During Jane Austen’s lifetime, it was much more difficult for a woman to become an artist than a writer. Women were largely excluded from the institutions of the art world, but a few nevertheless succeeded in making a career and a name for themselves. This talk will consider the life and work of a number of these women, including Angelica Kauffman, who became a founder member of the Royal Academy, but will focus particularly on the French painter, Elisabeth Louise Vigée Le Brun, who recently became the first historical woman artist to have her work celebrated in a major art exhibition in Paris, and in New York.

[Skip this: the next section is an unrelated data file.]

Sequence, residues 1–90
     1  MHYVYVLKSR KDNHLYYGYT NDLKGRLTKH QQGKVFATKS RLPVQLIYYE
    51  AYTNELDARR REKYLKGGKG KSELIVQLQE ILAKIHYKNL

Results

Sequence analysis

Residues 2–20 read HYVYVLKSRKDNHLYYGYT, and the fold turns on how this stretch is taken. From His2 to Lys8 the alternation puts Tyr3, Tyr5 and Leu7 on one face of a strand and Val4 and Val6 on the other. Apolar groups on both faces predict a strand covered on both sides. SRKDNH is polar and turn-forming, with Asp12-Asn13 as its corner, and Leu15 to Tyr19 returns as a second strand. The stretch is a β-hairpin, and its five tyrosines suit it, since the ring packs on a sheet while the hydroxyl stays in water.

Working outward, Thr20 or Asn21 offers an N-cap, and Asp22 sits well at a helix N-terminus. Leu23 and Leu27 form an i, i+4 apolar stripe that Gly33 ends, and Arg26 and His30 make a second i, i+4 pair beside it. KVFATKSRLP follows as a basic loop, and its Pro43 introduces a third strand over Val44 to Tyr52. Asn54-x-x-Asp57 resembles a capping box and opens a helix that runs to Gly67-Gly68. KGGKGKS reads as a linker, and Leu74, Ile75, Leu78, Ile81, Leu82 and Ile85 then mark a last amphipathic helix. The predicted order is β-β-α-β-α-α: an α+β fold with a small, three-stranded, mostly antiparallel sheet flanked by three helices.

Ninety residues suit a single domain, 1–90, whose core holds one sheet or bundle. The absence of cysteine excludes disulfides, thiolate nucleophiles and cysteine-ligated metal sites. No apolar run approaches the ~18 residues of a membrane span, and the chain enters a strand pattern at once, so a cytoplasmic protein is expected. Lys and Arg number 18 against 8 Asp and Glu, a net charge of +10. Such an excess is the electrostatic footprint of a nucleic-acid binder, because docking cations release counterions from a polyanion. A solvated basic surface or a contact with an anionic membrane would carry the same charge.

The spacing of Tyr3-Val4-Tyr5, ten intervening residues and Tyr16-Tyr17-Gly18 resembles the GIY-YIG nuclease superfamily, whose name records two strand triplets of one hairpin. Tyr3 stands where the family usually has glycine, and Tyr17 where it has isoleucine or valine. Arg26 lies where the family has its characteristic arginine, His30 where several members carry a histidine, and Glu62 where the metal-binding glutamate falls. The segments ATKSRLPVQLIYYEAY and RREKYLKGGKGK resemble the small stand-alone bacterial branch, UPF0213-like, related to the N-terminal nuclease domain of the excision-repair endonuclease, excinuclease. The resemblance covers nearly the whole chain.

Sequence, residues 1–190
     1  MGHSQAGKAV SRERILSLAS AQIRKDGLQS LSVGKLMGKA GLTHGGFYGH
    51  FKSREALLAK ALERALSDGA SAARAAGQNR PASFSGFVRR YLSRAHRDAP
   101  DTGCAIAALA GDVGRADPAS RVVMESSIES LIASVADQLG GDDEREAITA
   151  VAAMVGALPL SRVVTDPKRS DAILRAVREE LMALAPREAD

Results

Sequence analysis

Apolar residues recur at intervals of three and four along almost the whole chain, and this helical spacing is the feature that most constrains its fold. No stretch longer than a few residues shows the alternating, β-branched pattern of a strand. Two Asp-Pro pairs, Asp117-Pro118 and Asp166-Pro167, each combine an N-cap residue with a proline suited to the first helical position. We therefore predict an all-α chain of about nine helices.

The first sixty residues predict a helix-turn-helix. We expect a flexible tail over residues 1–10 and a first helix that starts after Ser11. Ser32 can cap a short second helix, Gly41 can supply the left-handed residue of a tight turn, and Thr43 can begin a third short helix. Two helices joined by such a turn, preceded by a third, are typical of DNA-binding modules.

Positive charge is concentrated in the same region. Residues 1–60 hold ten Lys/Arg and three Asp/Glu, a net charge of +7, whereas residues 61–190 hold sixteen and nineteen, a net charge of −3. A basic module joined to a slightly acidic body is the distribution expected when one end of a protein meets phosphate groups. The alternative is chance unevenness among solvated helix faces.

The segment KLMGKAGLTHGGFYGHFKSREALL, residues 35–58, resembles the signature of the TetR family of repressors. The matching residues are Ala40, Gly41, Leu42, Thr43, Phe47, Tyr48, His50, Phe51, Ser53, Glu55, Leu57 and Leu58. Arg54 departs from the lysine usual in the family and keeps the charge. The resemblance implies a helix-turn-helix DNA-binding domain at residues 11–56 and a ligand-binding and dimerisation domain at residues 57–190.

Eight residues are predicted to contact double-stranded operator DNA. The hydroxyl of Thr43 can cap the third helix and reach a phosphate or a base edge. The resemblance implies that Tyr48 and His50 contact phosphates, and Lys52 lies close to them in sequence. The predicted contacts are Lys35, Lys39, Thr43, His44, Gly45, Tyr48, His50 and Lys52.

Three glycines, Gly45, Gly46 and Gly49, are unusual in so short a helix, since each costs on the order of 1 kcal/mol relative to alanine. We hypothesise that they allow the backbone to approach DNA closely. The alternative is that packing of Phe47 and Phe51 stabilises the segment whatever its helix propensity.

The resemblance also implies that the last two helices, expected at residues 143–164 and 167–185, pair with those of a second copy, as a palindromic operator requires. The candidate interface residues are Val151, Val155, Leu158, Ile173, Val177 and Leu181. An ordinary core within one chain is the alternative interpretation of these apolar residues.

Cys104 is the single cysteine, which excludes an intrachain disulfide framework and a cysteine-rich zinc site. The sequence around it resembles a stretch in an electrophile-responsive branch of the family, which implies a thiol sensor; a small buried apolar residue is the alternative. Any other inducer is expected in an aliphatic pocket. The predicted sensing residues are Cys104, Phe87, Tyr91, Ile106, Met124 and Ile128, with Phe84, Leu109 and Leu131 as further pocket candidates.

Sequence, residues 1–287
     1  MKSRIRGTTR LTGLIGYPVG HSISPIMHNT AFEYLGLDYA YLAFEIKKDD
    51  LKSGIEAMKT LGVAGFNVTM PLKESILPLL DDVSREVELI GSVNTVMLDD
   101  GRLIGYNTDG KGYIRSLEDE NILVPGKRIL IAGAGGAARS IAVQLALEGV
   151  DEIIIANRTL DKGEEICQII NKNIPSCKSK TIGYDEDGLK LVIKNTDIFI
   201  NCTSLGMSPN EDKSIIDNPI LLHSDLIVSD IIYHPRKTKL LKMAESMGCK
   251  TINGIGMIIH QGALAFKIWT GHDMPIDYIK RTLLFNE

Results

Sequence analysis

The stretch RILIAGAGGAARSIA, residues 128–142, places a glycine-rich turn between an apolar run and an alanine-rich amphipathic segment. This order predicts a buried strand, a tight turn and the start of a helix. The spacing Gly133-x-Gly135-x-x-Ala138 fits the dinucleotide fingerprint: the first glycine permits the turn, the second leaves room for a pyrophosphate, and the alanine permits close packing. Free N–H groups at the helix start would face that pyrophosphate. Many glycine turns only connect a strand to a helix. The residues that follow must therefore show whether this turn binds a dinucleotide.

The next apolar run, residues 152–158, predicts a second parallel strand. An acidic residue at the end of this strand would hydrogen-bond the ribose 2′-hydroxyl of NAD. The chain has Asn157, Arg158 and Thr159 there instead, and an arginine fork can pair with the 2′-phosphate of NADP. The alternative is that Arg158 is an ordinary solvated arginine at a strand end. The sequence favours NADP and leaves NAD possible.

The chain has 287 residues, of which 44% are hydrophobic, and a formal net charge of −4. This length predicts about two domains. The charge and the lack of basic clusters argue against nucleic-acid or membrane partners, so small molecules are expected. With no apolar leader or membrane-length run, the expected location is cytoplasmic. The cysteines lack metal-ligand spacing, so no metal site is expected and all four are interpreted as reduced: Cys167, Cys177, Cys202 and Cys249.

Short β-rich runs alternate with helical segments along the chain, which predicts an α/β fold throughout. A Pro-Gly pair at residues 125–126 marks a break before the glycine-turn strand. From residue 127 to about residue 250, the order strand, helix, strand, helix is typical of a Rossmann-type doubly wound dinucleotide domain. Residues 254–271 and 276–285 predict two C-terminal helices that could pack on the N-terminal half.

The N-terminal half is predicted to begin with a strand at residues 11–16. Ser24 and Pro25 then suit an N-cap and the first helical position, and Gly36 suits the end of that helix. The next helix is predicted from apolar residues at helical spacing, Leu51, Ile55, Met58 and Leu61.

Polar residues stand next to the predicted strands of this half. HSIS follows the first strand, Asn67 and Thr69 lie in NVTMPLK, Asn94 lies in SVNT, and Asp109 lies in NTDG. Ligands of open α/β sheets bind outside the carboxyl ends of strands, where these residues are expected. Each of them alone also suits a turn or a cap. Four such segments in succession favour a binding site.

Emma Barker is Senior Lecturer in Art History at the Open University. She is s author of Greuze and the Painting of Sentiment (Cambridge, 2005) and the editor of Art and Visual Culture 1600-1850: Academy to Avant-Garde (Tate, 2012). Her other publications include ‘Women artists and the French Academy: Vigée-Lebrun in the 1780s’, in Gender and Art, ed. Gill Perry, Open University/Yale University Press, 1999.
Image credit: Comtesse de la Châtre (Marie Charlotte Louise Perrette Aglaé Bontemps, 1762–1848) Artist: Élisabeth Louise Vigée Le Brun (French, Paris 1755–1842 Paris) Date: 1789 Source: The Metropolitan Museum of Art.
Tickets: £11; Students/Friends £8.50 (includes drinks and canapés)